When I tell people I write a newsletter called the Penny Share Letter, I sometimes get funny looks.
Some haven’t heard of penny shares. Some people think they’re, basically, gambling. And some think they’re a scam.
“Penny Shares? You mean like the Wolf of Wall Street?”
It ticks me off, to be honest.
I don’t expect ordinary people to rattle off long-run performance statistics, Sharpe ratios or factor influences.
But for their own sake, if not mine, it would be good if people knew one simple fact about penny shares:
Over a very long period, penny shares have been shown to outperform every other asset class.
Another year of outperformance
Doesn’t this seem like pertinent information? Something your uncle, daughter and parents should perhaps know about?
It certainly does to me. I find it baffling that more people don’t know about penny shares. Especially young people, who have more investing time ahead of themselves and a chance to make much more money from them.
But don’t take my word for it. I’m biased, after all.
Take a look at the latest research from Paul Marsh and Elroy Dimson, Emeritus Professors of Finance at London Business School…
Every year Marsh and Dimson crunch the numbers on small cap returns in the UK. They take the most recent data — which, in fairness, anyone could grab off a Bloomberg terminal — and put it into long run context.
In 2017 they found the Numis Smaller Companies Index (the NSCI, which is made up of companies in the bottom tenth of the UK stock market, by value) gave a total return of 18.8%. That’s compared to a 13.1% return for the FTSE All-Share Index in the same period. So small caps outperformed the rest of the market by 5.7% last year.
That was a particularly good year for small caps: 18.8% return, for a 5.7% outperformance. But it’s not that extraordinary, to be honest. Since 1955 the NSCI has returned 13.1% per year and outperformed the rest of the market by an average of 3.4% per year.
So, that’s what we’re talking about: a 3.4% annual outperformance in the long run. 3.4%. Doesn’t sound like much does it?
Well, in the investing game an extra 3.4% is a massive tailwind. Add it up over time and you’re much, much better off.
Dimson and Marsh helpfully crunched the numbers. £1000 invested in the FTSE All-Share at the start of their data set in 1955 would get you… £1,095,000 today. Over 1000x return — not bad. That’s why basically no-one disagrees that shares are the best way to invest for the long run.
So what does that 3.4% tailwind get you?
Well, the same £1000 in the NSCI in 1955 would get to £7,209,000. That’s compound interest for you. If you stick with small caps over time, you’ll end up with a multiple of what you’d have made investing in ordinary shares.
As aforementioned, the NSCI is made up of the companies which make up the bottom tenth of the stock market, by value. And you might think that means it’s made up of a small selection of all listed British companies. But that’s not how it works…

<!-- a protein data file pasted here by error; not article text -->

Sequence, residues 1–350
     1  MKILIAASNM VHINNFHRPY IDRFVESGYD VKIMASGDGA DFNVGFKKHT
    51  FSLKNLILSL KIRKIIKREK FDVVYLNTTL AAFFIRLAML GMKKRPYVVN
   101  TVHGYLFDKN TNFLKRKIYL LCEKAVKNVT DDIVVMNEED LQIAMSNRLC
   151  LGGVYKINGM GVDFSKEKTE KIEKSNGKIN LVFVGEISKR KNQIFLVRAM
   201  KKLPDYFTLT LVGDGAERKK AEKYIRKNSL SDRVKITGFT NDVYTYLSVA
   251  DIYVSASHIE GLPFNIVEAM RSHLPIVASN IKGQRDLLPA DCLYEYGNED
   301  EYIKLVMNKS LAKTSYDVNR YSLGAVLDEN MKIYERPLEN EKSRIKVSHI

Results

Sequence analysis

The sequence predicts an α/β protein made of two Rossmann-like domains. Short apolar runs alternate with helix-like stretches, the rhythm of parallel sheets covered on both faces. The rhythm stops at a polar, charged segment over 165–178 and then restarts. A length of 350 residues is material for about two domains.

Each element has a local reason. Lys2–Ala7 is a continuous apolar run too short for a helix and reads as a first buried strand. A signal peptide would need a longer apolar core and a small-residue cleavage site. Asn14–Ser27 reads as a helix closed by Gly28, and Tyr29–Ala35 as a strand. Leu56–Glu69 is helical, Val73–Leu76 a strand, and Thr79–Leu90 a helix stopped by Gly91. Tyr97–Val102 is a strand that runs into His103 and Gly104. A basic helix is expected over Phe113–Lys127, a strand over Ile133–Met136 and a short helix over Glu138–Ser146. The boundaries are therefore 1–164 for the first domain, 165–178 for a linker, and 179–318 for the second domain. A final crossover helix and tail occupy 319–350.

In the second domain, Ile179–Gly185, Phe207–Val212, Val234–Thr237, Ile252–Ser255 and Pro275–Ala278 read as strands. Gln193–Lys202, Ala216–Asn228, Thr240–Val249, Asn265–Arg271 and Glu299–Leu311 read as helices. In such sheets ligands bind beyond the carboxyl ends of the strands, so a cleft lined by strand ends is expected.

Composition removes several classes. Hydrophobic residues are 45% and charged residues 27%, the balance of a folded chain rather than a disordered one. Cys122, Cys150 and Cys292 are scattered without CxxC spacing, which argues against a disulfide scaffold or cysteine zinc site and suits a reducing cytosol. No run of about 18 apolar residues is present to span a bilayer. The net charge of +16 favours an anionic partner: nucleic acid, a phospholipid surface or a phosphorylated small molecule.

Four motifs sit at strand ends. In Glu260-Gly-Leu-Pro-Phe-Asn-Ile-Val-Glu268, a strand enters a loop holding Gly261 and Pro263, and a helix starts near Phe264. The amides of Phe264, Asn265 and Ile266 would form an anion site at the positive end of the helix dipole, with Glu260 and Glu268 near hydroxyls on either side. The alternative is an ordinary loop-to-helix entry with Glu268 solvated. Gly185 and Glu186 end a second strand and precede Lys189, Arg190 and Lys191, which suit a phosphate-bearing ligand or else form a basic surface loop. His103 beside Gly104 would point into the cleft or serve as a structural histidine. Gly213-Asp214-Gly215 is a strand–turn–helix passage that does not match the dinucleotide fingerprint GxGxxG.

Of the 1,892 companies listed on the London Stock Exchange, around 180 make up the top 90% of the market value. So NCSI is made up from the remaining 1,712.
So when you’re talking about “small caps” or “penny shares”, you’re not talking about some weird little niche. You’re talking about 90% of all the companies listed on the stock exchange.
So, what gives? Why do small caps do so well? And why do ordinary investors get a taste?
The short answer is, the pros can’t invest in small caps.
Professional City traders are like bloodhounds. They roam all over the markets day-in day-out, sniffing out any potential profit opportunity. When they find an arbitrage, as they call it, they take the profits for themselves. Until there’s nothing left for the the little-guy private investor.
But small caps / penny shares are much too small for the pros. Those guys steer billions of pounds on behalf of big pension funds and the like. A small cap I recommend to my Penny Share Letter readers might only be worth £100m, total. The pros don’t want to own companies outright, they just want a small slice of them. So if they were to buy a 10% stake in a £100m small cap, they’d only have invested £10m out of the billions they’re responsible for. And the amount of work would be the same. So they don’t do it — it’s just not worth it.
Warren Buffett got his start investing in small caps. Now, though, he just can’t do it. He’s gotten too big. Here he is in 1999, talking about the power of small caps:
“…it’s a huge structural advantage not to have a lot of money. I think I could make you 50% a year on $1 million. No, I know I could. I guarantee that.”
In 2005, he repeated the point:
“Yes, I would still say the same thing today…You have to turn over a lot of rocks to find those little anomalies. You have to find the companies that are off the map – way off the map. You may find local companies that have nothing wrong with them at all…
“Having a lot of money to invest forced Berkshire to buy those that were less attractive. With less capital, I could have put all my money into the most attractive issues and really creamed it.”
This chimes with what Dimson and Marsh say. Over the last 16 years, they’ve found that broker recommendations aren’t much use when it comes to valuing large-cap stocks. But for small caps, they predicted future returns much better.
Why? Because the bloodhounds, and the likes of Warren Buffet haven’t taken the profits for themselves. That’s why best opportunities are found “way, way off the map”.
(My guide to “way off the map” investments is the Penny Share Letter. I’ve been publishing it for a couple of years now. It has several thousand satisfied subscribers. Want to be one? Click here.)
So, the next time an uncle asks what I do, I won’t bother asking what he thinks of penny shares. That’ll just annoy me. I’ll just take his email address and send him this article.